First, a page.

Early Modernism - Unit One - 7 & 5 Society

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Margaret Nash, the artist’s wife
Zwemmer Gallery, London, 1957
Private Collection, USA


London, Leicester Gallery, Watercolours by Paul Nash, November 1932, cat no.19, not illus
Liverpool, Walker Art Gallery, Unit One Tour, May 1934, cat no.39, touring to:Rusholme, June 1934Hanley, August 1934Derby, December 1934Swansea, January 1935Belfast, March 1935 Oxford, St Hilda's College, Paintings and Watercolours by Paul Nash from the Collections of Mrs. Paul Nash and Mrs Michael Dawnay, January 1959, cat no.12


Andrew Causey, Paul Nash, Clarendon Press, Oxford, 1980, cat no.718, illus b/w p417
David Boyd Haycock, Paul Nash, Another Life, Another World, Piano Nobile, London, 2019, cat no.23, p64, illus colour p63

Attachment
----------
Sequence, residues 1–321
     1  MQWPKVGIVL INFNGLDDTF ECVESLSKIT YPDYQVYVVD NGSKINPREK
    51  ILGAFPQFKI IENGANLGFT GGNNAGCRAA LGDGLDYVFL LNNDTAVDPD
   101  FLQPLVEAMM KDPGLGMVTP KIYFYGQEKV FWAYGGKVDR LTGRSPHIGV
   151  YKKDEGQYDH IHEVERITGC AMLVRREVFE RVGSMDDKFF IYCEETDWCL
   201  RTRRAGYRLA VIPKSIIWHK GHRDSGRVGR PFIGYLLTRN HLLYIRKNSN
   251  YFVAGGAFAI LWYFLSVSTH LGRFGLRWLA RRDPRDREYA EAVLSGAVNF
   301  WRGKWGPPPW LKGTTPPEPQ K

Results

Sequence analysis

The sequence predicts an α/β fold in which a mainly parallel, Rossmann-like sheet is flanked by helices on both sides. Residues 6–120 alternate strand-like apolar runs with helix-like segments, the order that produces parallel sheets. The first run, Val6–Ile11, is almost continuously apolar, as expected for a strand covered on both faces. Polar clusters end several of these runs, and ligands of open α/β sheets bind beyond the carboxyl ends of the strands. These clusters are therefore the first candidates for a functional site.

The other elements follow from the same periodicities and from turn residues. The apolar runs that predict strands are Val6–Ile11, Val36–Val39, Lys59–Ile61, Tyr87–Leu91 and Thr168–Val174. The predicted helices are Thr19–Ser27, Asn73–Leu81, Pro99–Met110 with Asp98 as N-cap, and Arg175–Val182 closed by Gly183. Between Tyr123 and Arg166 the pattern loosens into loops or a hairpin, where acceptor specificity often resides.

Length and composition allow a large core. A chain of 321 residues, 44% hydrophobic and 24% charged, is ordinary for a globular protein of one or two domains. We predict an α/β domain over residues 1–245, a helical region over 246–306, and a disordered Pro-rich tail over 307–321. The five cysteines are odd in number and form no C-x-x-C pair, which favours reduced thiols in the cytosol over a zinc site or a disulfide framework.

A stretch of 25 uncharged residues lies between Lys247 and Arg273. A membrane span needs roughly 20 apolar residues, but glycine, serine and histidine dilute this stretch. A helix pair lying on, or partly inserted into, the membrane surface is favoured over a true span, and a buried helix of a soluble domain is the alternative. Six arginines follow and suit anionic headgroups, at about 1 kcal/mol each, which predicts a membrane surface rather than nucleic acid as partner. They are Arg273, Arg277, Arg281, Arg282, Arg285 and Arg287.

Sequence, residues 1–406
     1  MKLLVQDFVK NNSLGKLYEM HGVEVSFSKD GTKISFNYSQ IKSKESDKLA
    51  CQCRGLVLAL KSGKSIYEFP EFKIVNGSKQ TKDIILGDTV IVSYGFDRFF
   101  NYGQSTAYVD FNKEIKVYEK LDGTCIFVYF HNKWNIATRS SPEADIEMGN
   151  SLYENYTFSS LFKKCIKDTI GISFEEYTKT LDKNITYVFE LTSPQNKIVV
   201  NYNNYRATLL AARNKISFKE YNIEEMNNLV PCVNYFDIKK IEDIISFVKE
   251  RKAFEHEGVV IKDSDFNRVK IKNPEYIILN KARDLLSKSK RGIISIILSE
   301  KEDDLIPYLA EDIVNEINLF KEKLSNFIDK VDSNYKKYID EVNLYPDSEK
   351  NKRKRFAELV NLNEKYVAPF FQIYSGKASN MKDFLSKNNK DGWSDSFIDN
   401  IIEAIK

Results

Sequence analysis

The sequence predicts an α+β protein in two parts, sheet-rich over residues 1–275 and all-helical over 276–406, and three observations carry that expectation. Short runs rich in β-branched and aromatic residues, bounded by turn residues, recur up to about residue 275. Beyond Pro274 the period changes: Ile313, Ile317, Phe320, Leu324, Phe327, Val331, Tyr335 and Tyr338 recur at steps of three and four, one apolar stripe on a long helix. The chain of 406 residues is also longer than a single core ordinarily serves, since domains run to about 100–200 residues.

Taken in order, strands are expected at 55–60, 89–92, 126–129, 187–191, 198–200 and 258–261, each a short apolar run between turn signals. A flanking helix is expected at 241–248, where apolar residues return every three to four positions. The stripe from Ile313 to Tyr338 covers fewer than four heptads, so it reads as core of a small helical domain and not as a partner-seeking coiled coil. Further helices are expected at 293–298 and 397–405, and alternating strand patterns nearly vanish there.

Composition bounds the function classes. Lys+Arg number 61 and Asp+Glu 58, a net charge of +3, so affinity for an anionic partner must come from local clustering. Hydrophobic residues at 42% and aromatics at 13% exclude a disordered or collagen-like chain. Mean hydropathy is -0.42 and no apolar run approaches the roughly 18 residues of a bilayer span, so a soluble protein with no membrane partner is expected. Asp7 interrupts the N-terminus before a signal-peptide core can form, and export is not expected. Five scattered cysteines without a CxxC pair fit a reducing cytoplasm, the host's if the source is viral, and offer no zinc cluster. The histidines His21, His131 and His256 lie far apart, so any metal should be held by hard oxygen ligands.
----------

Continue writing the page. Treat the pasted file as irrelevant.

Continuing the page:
Originally titled Abstraction, this watercolour has been known since the 1950s as Rotary Objects. Created in 1932, the year before the establishment of Unit One, it was one of only two watercolours Paul Nash contributed to the group’s legendary exhibition in 1934. The years 1930-1932 mark a pivotal moment in Nash’s career. A trip to Léonce Rosenberg's gallery in Paris in 1930, prompted him to evaluate the merits of the European Modern Movement and he began to work in a constructional and metaphysical manner that broke away from his recognised style of painting. As such, Rotary Objects and three works from the Tate’s collection, Kinetic Feature, 1931, Mansions of the Dead, 1932 and Aerial Composition, 1933, form an important body of work. Rotary Objects shares many similarities with Mansions of the Dead, one of a series of works Nash created to illustrate Sir Thomas Browne’s literary text Urn Burial, 1658. Both sheets share a similar palette of pale ochre, blue, grey and white. The composition of Mansions of the Dead depicts a circular, disc motif, which in the present work expands and spirals through the composition. The light blue, plank-like diagonal shape in Rotary Objects is an abstracted component of the geometric structure of Mansions of the Dead, and the black horizontal and vertical lines seen here are borrowed from the other work’s ‘birdcage in the sky’. In Rotary Objects Nash introduces a partly obscured, blue circular window suggesting an aperture connecting the spiritual world to the real, inhabited world. Clouds appear in both works, placing the compositions in a specific setting, detached from the ordinary canons of recognition, in an ‘attempt to express the sensation of being in space, in a realistic sense, and of conveying in a heightened degree the element of interpenetration.’ 1 Discussing the origins of the central motif, Andrew Causey notes that the artist’s wife Margaret ‘told the previous owner that the design was suggested by lampshades’. 2 However, the interest Nash showed in Wadsworth's 'machinery painting' at exactly this time, of which Composition, Crank and Chain, 1932 (coll. Scottish National Gallery of Modern Art) is an example, suggests that the suspended silver-coloured object which dominates this composition is more likely something mechanical. Furthermore, photographs taken on Nash’s voyages to and from America in 1931-1932, show his fascination with the ships’ architecture, particularly the funnels. These photographs and elements of Nash’s watercolour Voyage, 1932, similarly appear to have inspired Rotary Objects. 1 David Fraser Jenkins, Paul Nash The Elements, exhibition catalogue, Dulwich Picture Gallery, London, 2010, p118 2 Andrew Causey, Paul Nash, Oxford University Press, Oxford, 1980, p240